Pumpkinseed sunfish – Lepomis gibbosus
How to reduce the threat of this predatory fish by using its native competitor
The pumpkinseed sunfish (Lepomis gibbosus) is a fish from North America which has found its way into the fresh waters of the Benelux. Other names are, common sunfish, kivver, pond perch and sun perch. It is a harmful invasive species in Europe that of which tradekeep and transport is forbidden in the countries of the European Union. Because the pumpkinseed reproduces very easily, the populations in natural waters have grown explosively. This poses a considerable threat to the native species in these waters. The species feeds on the eggs and brood of other fish species and amphibians. This has major consequences on the ecosystem.
Deutsch: (Gemeiner) Sonnenbarsch
Français: Perche-soleil, crapet-soleil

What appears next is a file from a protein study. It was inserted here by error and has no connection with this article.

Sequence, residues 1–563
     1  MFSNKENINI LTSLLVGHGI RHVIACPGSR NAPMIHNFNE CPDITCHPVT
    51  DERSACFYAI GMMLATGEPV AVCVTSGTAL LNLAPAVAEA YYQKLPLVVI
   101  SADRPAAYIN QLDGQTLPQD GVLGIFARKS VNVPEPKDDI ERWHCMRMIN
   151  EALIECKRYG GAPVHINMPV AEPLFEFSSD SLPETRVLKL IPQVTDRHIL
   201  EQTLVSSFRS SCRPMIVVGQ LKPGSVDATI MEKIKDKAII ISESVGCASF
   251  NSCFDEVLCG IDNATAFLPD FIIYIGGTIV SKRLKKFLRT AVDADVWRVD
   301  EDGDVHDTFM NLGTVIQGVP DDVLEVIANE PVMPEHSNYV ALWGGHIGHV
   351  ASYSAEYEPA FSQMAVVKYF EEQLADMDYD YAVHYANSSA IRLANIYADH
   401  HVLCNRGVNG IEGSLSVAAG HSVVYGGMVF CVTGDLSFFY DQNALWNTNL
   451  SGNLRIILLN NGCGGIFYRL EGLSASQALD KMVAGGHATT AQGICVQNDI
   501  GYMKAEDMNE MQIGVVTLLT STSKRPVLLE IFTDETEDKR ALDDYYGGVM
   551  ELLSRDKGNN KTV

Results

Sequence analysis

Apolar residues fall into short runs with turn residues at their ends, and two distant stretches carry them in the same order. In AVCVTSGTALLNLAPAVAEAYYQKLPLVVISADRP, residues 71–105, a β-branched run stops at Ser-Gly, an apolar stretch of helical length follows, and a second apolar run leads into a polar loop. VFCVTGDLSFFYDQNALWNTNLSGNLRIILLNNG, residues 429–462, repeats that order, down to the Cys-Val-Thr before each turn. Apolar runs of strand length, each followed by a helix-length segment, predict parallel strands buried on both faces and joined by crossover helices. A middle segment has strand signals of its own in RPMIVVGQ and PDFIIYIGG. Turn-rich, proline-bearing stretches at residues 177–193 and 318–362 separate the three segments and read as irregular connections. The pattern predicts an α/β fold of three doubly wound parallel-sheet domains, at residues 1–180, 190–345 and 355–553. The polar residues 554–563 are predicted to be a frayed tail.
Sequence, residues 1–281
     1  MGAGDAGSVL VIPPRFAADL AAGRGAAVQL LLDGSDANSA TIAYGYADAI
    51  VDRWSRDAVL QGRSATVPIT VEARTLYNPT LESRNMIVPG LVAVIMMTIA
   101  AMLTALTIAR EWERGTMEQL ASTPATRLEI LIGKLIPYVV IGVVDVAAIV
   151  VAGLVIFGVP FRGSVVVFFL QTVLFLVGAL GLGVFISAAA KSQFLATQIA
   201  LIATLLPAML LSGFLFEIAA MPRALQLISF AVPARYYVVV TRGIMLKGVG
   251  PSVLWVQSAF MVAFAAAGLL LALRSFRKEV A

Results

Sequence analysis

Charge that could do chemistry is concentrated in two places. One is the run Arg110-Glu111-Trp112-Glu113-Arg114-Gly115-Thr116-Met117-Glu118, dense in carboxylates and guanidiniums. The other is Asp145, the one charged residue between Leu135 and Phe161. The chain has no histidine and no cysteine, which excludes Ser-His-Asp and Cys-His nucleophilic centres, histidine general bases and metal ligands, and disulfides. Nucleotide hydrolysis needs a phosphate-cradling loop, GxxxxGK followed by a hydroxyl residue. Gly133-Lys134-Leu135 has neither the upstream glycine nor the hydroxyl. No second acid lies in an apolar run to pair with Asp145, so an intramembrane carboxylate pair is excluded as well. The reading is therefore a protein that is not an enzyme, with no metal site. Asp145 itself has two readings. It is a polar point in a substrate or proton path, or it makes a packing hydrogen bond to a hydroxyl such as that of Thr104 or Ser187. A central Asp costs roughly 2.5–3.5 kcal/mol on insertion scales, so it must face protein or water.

Ecosystem resilience approach to sunfish
When tackling sunfish, we in LIFE Resilias, choose to strengthen the system by bringing in a competitor; the pike. This natural enemy preys on pumpkinseed and can make a valuable contribution to reducing and controlling the population of this invasive fish species.
The pumpkinseed was a popular pond fish, and which could also be kept in aquariums. Not only are its colours appreciated, in garden ponds this fish eats mosquito larvae, leeches and worms that parasitise other pond fish.
The pumpkinseed is a fish that grows up to 15 centimetres. It originates from the east coast and the centre of the United States. In the Netherlands, the pumpkinseed is found in many small enclosed, more or less natural freshwaters on the high sandy grounds. The young fish live in schools; adults are territorial.